The trip back to the inn was no easier than the trip down, and I was wet with perspiration, despite the cold ocean breeze, by the time I reached my inn.
I quickly ascended the staircase to
my room without looking left or right. To this day, I couldn?t tell you if anyone was in the lobby or even standing behind the desk.

I reached my room, slammed the door, and realized I had not breathed since I had left the C&A. BUT I HAD DONE IT! And I was so proud of myself!
I selected a black skirt suit with white stripes and a zippered jacket top to wear to the cocktail party, then spent the next two hours getting ready. When I was done, I checked myself out in the mirror?and went out anyway!

The one-block walk to Crowne Pointe was so short that I didn?t have time to get scared. Besides, I was starting (mind you, only STARTING), to feel a little better. After all, I had managed to stroll outdoors twice already and no one had laughed at me, pointed fingers, or even snickered. I was amazed!
The cocktail party was absolutely fabulous! I had never been to one before, not even as a man. I was greeted at the door by the owners of Crowne Point, who very graciously welcomed me and THANKED me for coming. Nothing in my entire life had ever made me feel so much like a lady. I was directed to a bar where I was handed a cosmopolitan (a delicious pink mixed drink that looked very feminine and was served in a fluted glass). I began to mingle.

Some of the other Fair attendees were already there. Most seemed comfortable in this surrounding. People chatted over here and laughed and joked over there. I quickly noticed to my surprise that most didn?t even try to disguise their voices. Some of the women were very beautiful and some were simply passable, but the vast majority were girls like me who would have a hard time sneaking past a blind man without being discovered.

As I walked toward the rear of the house to what appeared to be the sitting area, I passed through a huge, beautiful, formal dining room with a banquet-sized table at one end and a baby grand piano at the other. The sitting room itself was lavishly appointed with beautiful furniture. I felt like a debutante.
I meekly squeaked out a few polite hellos as I walked past people and found a place to sit. Another woman struck up
a conversation with me as if I were her long lost sister, and I soon started to become comfortable in this surrounding. It felt as if we were just a bunch a women out for an elegant evening.
Across the room, two beautiful genetic women were chatting away and laughing with two of our girls. When one of them walked past me, she paused to tell me my suit was gorgeous, and introduced herself. I nervously thanked her, but when she looked deeply into my eyes, I nearly died. She called her friend over, introduced her as her lesbian partner, then said, ?Doesn?t she have the most beautiful eyes you ever saw?? I could hardly believe my ears. I was being complimented by a real woman!

They began giving me pointers on
eye makeup to enhance my eyes and beauty tips on eye shadow and face makeup. One of them took the zipper
of my jacket and slid it down a bit to expose my (lack of) cleavage, explaining that if I took some makeup and put a little here and there it would give the illusion of cleavage. Then she pointed out that next time I should wear a black bra under the outfit. Perhaps I should have been embarrassed by that, but I wasn?t.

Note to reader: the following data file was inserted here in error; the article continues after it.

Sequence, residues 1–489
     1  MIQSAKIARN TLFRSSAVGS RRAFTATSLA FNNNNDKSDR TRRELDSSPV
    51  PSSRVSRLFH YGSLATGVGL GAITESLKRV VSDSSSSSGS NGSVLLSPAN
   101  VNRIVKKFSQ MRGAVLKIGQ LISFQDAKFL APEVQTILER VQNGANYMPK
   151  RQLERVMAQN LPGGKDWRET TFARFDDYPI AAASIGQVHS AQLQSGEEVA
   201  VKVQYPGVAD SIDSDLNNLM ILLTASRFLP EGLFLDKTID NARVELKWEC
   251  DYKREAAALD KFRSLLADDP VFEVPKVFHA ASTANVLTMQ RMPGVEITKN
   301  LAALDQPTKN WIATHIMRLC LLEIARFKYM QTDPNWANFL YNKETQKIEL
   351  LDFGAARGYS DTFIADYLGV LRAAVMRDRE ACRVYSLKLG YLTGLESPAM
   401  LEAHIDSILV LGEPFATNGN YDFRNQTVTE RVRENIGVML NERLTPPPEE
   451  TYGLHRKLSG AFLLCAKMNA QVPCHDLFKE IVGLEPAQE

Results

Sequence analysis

It was my first GIRL TALK, and I loved it. They made me feel so comfortable,
like one of the gals, and we chatted like this was the way it was supposed to be!
Little by little, the rooms filled, until you could barely move, and little by little, more and more of Allana came to the surface. My knees went together automatically as my ankles crossed and slipped under my chair. My hands found themselves folded femininely in my lap, and I began to feel more comfortable in my female persona than I ever had in my life. This was Allana, and she was finally home!

When you?ve hidden inside the box
for more than forty years, as I have, and it has become your entire, comfortable little crossdressing world, it?s hard to even imagine that anything else exists. When your secret life has become so routine that your second self, screaming to come out, amounts to nothing more than another trip to the back of the closet to drag out those dusty suitcases where you keep your life hidden from view like one of Aunt Sophie?s reindeer sweaters, and you double- and triple-check to make sure you?ve put it all away again so nothing is missed that might out you to your family and friends, even the mere idea of a life outside the box seems like a cruel joke.

To allow yourself to think, for even a second, that there might be a place outside that box, outside your secret little world, where you could go and be who you want to be in a real-world setting, surrounded by people who are literally aching to give you all the support, encouragement, and love you could ever dream of, would surely be nothing more than fantasy.

But to suddenly find that it?s not just some joke, it?s not just a fantasy, that it?s real, and does exist, to finally not just peek over the top edge of the box, but come out of the box completely and, for one preciously fleeting week of your life, experience the pure magical wonder of it, to be literally reborn and be able to hold in your hands everything you ever dreamed of and be allowed for the very first time to be a whole person, is such a wonderfully life-altering experience that it?s well worth the personal hell it costs to then have to give it all up and go back into the box!